Government sources say Jobcentres, tax offices, DVLA local centres, passport offices and housing benefit offices will be phased out over the next decade, to be replaced by a single “digital gateway” office, where people who are uncomfortable with computers can go for advice on applying for services online.

The private sector is likely to get involved — one idea is to allow people to buy their car tax disc on Amazon or from their insurance companies. Martha Lane Fox, the dot-com entrepreneur, is also helping No 10 with the implementation of the programme.

A report by the accountant PriceWaterhouse Coopers for the Cabinet Office estimated that the Government could save £900 million a year simply by bringing those who don’t have access to the internet online – the total savings would be far bigger if those with computers could access all services online. Carrying out a telephone transaction online can save £3.30 and doing a paper and mail transaction online can save £12 each time, according to the Cabinet Office.

Mr Brown will argue that using text messages to remind people of GP appointments could reduce the £600 million annual cost of missed NHS appointments.

Although some transactions, such as filling in a self-assessment tax return can now be done online it was still too complicated, said a Downing Street source. It should be “much easier, like buying a holiday. Dealing with a Jobcentre should be like online banking. This makes public services more responsible and has huge economic benefits.”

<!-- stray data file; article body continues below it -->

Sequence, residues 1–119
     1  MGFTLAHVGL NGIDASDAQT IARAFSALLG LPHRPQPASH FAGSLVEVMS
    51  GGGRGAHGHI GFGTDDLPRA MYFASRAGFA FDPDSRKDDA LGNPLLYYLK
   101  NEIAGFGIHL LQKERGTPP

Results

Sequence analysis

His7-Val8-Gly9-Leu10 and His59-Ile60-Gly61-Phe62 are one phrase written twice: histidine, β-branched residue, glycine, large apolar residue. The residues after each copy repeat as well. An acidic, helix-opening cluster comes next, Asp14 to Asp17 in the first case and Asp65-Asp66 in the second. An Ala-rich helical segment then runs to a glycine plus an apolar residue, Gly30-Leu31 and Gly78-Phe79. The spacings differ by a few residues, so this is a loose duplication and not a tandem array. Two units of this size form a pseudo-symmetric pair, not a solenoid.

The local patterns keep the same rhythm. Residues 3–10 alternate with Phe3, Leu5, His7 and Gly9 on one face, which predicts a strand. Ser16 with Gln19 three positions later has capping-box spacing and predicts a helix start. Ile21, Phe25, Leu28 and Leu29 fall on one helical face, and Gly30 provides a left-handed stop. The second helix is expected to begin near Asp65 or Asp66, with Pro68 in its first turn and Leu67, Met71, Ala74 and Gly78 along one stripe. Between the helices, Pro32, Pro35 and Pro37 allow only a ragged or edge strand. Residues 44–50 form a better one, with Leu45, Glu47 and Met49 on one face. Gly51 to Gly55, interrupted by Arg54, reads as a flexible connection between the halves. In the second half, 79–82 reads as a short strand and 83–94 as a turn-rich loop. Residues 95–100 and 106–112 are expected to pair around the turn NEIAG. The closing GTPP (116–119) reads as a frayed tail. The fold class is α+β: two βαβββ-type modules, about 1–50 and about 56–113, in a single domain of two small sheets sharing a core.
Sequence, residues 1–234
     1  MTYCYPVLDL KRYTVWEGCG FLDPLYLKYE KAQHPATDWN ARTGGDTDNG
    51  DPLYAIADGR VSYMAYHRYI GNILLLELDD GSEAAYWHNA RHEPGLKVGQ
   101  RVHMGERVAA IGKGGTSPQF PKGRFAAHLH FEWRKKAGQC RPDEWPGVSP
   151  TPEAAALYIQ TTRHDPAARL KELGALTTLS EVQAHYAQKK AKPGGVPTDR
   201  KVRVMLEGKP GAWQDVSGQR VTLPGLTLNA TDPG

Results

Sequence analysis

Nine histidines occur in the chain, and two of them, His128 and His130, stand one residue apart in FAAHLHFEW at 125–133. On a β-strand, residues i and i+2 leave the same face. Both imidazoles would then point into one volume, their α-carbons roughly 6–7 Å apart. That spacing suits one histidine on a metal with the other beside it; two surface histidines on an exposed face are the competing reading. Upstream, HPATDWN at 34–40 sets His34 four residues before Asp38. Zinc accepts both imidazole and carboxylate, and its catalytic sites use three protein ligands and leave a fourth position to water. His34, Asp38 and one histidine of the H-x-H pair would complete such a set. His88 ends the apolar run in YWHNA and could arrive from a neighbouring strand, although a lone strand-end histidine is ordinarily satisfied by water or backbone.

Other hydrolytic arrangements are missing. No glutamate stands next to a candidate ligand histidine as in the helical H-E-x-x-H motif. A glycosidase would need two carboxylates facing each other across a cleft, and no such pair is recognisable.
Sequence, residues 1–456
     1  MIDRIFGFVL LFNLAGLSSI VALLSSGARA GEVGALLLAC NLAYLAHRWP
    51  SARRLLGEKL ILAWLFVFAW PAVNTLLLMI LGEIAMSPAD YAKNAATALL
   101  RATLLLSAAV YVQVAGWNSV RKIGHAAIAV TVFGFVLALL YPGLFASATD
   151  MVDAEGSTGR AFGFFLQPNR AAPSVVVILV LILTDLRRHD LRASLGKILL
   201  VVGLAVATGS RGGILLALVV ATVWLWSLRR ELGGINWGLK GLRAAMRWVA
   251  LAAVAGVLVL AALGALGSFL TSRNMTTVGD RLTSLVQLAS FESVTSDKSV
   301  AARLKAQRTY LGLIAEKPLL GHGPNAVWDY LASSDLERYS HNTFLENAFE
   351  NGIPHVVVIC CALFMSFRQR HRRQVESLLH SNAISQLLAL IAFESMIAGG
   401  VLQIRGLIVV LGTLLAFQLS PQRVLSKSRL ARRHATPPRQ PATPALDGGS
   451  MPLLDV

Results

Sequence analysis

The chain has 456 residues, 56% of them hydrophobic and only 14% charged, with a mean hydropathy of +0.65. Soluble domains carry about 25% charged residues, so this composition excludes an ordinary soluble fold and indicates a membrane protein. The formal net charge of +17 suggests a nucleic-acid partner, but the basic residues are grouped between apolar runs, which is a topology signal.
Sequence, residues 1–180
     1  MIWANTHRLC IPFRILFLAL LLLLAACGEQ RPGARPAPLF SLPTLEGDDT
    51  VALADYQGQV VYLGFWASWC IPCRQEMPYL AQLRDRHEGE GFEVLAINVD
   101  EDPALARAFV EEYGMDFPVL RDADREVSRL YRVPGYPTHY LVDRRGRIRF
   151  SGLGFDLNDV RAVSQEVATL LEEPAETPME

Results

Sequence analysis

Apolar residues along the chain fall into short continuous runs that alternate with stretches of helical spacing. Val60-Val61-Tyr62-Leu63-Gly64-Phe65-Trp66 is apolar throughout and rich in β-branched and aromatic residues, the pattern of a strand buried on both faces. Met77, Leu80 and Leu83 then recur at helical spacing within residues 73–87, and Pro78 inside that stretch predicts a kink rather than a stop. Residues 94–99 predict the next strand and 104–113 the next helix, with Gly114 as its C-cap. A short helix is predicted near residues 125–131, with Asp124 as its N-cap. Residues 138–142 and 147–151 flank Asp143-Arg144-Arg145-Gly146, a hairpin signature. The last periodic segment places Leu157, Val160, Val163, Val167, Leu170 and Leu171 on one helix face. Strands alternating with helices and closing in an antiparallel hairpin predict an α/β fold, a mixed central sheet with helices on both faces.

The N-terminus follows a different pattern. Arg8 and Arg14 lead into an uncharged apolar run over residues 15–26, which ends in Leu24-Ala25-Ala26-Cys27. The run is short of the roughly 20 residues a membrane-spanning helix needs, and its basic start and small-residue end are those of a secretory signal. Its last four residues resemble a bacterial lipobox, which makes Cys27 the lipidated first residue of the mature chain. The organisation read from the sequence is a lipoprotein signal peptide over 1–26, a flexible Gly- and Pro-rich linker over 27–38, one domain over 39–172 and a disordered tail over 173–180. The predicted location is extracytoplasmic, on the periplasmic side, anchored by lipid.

The Department for Work and Pensions is currently redesigning the benefit payments system so that everything can be done via computer. There are also plans to issue free mobile phone applications to allow people to deal with the State. One already tells unemployed people what vacancies are available in their area.

In addition, Sir Tim is managing a project to put government data online. So far 3,000 sets of previously secret data on everything from crime to pregnancy have been made public.

One Shadow Cabinet member said that the Tories supported the plans to get government online. They have already been talking to Ms Lane Fox and Sir Tim about carrying on if they win power.

Mark Serwotka, general secretary of the Public and Commercial Services Union, said: Over the last three to four years over 100,000 civil service jobs have gone with a serious impact in key areas such as tax and job centres where they have had to re-employ people in the recession due to the upsurge in unemployment. Cutting public services is not only bad for the public who use services but also the economy as we are pushing people who provide valuable services on the dole.

A tiny mention of those without computers.  A little mention of the security risks involved.  Yet absolutely no mention of the fact that tracking your thoughts and actions will simply be a case of inputting your unique ‘number’, and viola, every click and every email now available to HM Govt.

If I trusted my Government, I wouldn’t have had a second thought regarding this scheme.  But I don’t so I do.